really in a race against time," said Ryan Wilson of the National
Alliance to Save Native Languages.
Lakota, Dakota, Nakota Language Summit: Uniting the Seven Council
Fire to Save the Language has brought together a mix of 400 Native
American educators, language experts and traditional fluent speakers.
They are here to determine how to keep their languages from disappearing.
challenge is about more than words.
is culture, and culture is language," said Chief Cameron Alexis
of the Nakota Sioux from west of Edmonton, Alberta, Canada.
also was the message of spiritual leader Arvol Looking Horse. At
the summit's opening session, he prayed in Lakota and later spoke
to the group in English about the connections of language, Native
culture and sacred sites.
the traditions at the very core of his people's lives to continue,
the language must be preserved, he said.
age 12, he has been the carrier of the sacred White Buffalo Calf
Pipe. At the summit, he did not show it or use it in ceremonies.
the pipe, seven ceremonies introduced the Lakota nation to its values,
morals and traditions. Yet, language fluency is key to those ceremonies
and songs, he said.
language is used to conduct the ceremonies," he said.
the ceremonies are part of the everyday culture and the distinction
of being Native.
shared fear is the loss of fluent Native speakers. Those people,
mostly elders, are dying; meanwhile, modern media pull youths' attention
from participation in traditional cultural activities, and accepted
schoolhouse teaching methods are failing.
Wyoming's Wind River Reservation, people in the Arapaho Tribe counted
on teaching the language in school, similar to how math and other
classes are taught in a system approved by federal and state regulators.
35 years of teaching at Wind River, not one student is a fluent
speaker. These methods, ... they're not working," Wilson said.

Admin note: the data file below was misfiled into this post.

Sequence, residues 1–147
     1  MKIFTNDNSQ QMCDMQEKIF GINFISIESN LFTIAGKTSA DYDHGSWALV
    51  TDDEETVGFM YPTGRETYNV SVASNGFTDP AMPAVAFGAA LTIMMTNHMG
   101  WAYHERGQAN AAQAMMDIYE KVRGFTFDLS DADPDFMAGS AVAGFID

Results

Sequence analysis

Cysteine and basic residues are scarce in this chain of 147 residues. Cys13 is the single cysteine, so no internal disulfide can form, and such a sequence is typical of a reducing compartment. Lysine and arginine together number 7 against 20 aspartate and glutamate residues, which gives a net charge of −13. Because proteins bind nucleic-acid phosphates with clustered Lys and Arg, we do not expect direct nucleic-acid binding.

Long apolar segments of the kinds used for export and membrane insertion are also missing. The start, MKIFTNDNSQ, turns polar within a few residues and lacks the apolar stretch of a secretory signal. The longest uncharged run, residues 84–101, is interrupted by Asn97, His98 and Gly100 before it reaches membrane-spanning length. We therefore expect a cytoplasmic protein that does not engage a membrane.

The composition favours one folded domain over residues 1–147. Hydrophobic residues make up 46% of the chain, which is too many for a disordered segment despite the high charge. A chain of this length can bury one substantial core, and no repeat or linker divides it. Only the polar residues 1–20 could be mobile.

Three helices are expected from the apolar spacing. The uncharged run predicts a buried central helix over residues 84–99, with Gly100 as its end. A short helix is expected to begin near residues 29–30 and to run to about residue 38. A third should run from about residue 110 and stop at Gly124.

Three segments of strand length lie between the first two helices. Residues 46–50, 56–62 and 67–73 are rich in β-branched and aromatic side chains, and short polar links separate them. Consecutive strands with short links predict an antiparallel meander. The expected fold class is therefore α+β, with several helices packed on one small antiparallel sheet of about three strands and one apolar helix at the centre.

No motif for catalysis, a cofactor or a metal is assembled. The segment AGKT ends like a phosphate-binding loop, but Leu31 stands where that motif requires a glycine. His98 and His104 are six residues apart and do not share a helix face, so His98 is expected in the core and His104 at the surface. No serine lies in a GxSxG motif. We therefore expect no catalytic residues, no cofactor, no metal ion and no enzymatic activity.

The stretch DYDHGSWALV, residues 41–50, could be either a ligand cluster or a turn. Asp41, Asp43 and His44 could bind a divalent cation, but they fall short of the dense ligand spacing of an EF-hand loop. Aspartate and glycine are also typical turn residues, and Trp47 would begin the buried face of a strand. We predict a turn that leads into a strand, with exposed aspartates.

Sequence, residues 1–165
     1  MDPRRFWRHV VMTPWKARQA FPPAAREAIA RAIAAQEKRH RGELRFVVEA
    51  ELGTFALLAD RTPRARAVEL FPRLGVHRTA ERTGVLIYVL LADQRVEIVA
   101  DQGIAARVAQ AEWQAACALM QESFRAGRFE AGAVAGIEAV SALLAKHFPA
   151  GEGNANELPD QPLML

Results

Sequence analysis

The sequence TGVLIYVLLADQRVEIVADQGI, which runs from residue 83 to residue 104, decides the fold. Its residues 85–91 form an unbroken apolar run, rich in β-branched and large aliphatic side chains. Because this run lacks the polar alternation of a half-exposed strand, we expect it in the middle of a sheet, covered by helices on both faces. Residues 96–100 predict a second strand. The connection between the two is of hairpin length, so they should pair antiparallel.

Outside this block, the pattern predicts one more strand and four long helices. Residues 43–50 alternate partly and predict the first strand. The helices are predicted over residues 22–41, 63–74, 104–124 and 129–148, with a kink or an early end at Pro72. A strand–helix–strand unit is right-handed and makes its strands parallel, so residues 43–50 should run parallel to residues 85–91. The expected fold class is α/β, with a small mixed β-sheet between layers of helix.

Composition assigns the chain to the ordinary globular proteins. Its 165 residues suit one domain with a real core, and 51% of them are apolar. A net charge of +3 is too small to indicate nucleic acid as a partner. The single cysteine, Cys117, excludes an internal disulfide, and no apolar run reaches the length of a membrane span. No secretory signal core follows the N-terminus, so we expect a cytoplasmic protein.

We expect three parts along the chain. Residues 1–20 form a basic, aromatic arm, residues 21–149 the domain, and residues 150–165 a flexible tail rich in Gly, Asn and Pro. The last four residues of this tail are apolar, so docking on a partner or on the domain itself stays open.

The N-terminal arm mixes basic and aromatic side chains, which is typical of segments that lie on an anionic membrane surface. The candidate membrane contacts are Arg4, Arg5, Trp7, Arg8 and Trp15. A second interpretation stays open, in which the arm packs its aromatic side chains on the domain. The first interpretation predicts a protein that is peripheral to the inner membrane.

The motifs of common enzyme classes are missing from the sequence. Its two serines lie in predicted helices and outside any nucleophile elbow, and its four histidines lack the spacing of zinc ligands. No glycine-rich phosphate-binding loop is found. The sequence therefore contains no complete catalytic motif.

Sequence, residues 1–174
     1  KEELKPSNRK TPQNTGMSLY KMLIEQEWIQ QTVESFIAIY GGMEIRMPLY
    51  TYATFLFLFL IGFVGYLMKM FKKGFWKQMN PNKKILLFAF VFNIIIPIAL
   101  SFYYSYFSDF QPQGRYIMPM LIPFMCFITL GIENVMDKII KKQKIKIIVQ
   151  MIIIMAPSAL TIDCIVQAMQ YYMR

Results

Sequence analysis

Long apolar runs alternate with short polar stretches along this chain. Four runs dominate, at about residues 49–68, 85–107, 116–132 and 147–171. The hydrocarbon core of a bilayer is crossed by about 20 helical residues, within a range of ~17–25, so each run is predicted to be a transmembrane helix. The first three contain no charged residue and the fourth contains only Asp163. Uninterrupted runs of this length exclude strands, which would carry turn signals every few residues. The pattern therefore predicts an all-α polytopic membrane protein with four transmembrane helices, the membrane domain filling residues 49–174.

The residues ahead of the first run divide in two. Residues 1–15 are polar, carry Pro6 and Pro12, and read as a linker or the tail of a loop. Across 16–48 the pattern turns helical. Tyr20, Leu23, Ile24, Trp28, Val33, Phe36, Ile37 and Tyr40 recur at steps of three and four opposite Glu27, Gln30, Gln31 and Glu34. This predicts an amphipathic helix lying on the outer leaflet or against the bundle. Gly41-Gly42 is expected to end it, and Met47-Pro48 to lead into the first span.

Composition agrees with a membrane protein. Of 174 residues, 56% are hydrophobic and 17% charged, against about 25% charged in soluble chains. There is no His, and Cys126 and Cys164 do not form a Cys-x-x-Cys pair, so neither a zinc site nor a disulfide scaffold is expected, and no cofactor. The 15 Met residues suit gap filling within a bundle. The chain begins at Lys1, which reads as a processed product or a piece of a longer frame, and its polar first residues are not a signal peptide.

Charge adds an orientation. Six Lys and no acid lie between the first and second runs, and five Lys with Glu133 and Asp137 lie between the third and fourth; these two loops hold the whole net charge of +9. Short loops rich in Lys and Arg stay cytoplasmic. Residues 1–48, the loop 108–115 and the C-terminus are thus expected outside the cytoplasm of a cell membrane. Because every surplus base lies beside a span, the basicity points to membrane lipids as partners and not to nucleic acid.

left a lucrative job in Washington, D.C., at the urging of his stepfather
to return to the Wind River Reservation to battle for languages
that are critical for all Native cultures.
said his stepfather saw the answer to capturing fluency by teaching
children in a language-immersion school. With Wilson's help, an
immersion school was funded, built and opened in 12 months. But
it wasn't easy.
is an emotional issue," Wilson said.
can prove to be a divisive community issue with a lot of politics
involved. "Don't get caught up in that debate. We don't have
time for it," he said.
would prefer instructors concentrate on language, rather than curricula
brought to Natives by the state, federal government or the Bureau
of Indian Affairs.
have a right to define what is taught to our children," he
unlike those children taught in his stepfather's school, Wilson
is not a fluent speaker.
Alexis said most of his tribe's members ages 35 and older were fluent
in Nakota, but young people and students, ages 25 and younger, spoke
only a few basic words.
have to get back to our roots. Our young people have to be proud
of who they are," he said.
Charging Eagle agreed. Lakota was her first language, and she learned
English at school, and she said she she is thankful for both languages
because they instill in her a higher plain of thinking.
part of a global community of language," she said.
Eagle was sympathetic to those who experienced the boarding school
punishments and shame when speaking their Native language. However,
she also believes that a nation and its individual members can move
beyond those experiences.
thing that I have learned is that you have to put this into perspective.
I have to ask myself, 'How do I go forward?'" she said.
spirituality, family units, education are all connected with language,
she said. It is tied to culture that is unique in the entire world.
shouldn't be drudgery, but a revelation, she said. "We are
going to learn Lakota because that is who we are."
Jomay Steen at 394-8418 or firstname.lastname@example.org.